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Intel says ultrabooks are the form factor of 2012

New laptops are slim, feature powerful processors and are more portable than traditional laptops

Intel says ultrabooks are the form factor of 2012
Intel has predicted that its ultrabooks will take over 40% of the laptop market by the end of 2012.

Intel has predicted that its new laptop form factor called the ultrabook, which was launched in 2011, will snag a 40% market share by the end of 2012.

The ultrabook is designed to be a high-end computing platform, with all the power of a traditional laptop, but lighter and more portable.

"We believe about 40% of the market next year will be ultrabooks. Ultrabooks are basically the no compromise platform going forwards - you see them coming in with more powerful processors than some of the laptops we are seeing today, much more power saving, fanless, slim, sleek, " said Samir Al Schamma, general manager Middle East and North Africa, Intel.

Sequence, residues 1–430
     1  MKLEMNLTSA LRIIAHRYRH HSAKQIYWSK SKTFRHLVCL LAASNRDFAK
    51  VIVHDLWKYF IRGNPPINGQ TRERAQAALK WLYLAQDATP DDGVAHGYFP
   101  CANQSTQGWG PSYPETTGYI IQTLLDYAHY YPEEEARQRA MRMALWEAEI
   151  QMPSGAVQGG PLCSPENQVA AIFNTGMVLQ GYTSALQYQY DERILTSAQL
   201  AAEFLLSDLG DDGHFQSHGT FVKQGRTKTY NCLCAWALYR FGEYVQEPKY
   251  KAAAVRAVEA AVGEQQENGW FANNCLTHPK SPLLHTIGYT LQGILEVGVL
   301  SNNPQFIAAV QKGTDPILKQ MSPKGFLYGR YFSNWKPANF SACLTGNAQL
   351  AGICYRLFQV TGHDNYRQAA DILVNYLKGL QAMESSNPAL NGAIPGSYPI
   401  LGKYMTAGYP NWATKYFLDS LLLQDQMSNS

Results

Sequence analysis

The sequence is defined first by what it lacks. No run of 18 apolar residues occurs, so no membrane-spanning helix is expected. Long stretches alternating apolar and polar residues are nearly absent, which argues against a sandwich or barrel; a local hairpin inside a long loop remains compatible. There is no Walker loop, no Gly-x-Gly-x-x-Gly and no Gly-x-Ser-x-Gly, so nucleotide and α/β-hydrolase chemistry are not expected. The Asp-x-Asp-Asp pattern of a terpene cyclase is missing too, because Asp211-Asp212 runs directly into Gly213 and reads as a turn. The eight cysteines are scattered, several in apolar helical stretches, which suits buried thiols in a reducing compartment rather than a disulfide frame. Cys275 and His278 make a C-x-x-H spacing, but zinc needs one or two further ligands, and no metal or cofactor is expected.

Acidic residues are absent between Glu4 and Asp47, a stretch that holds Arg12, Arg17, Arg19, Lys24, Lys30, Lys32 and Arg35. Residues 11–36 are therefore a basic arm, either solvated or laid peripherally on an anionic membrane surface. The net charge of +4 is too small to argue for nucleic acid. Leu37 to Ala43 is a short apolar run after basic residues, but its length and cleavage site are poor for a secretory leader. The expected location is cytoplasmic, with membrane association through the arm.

To be labeled as an ultrabook, the device must have a powerful processor, such as Intel's Core i3, i5 or i7 processors, at the thickest area it cannot be more that 21mm, it has to have features such as quick boot, and a battery life that lasts up to 10 hours of work time.

The ultrabook is being launched in three phases, the current phase is focused on the form factor, so slim devices with long battery life which lasts between eight and 10 hours a day, the second phase will extra features, such as touch screens and notebook features, better security and more power improvements and the third phase will see the addition of new technologies.

Intel said that the new ultrabooks will appeal to women, because they are portable and light and have the same features as a traditional laptop.

"Where us guys did not mind a huge laptop, a woman finds the form factor important, that is why netbooks picked up when they first came that is why tablets picked up, we believe that for women who want a fully fledged laptop with no compromise will like the ultrabook," said Al Schamma.

Ultrabooks start at around $1,000 and are currently manufactures by Acer, Toshiba Lenovo and Asus.

"A Core i3 normal laptop with all the features you have in the ultrabook, you are probable talking about $600 to $700, the extra $200 to $300 are the weight, extra battery, which for users who need portable is very, very important," said Al Schamma.

According to Intel, there are approximately 30 designs coming up and at the upcoming Consumer Electronics Show there is talk of many more models more being available.

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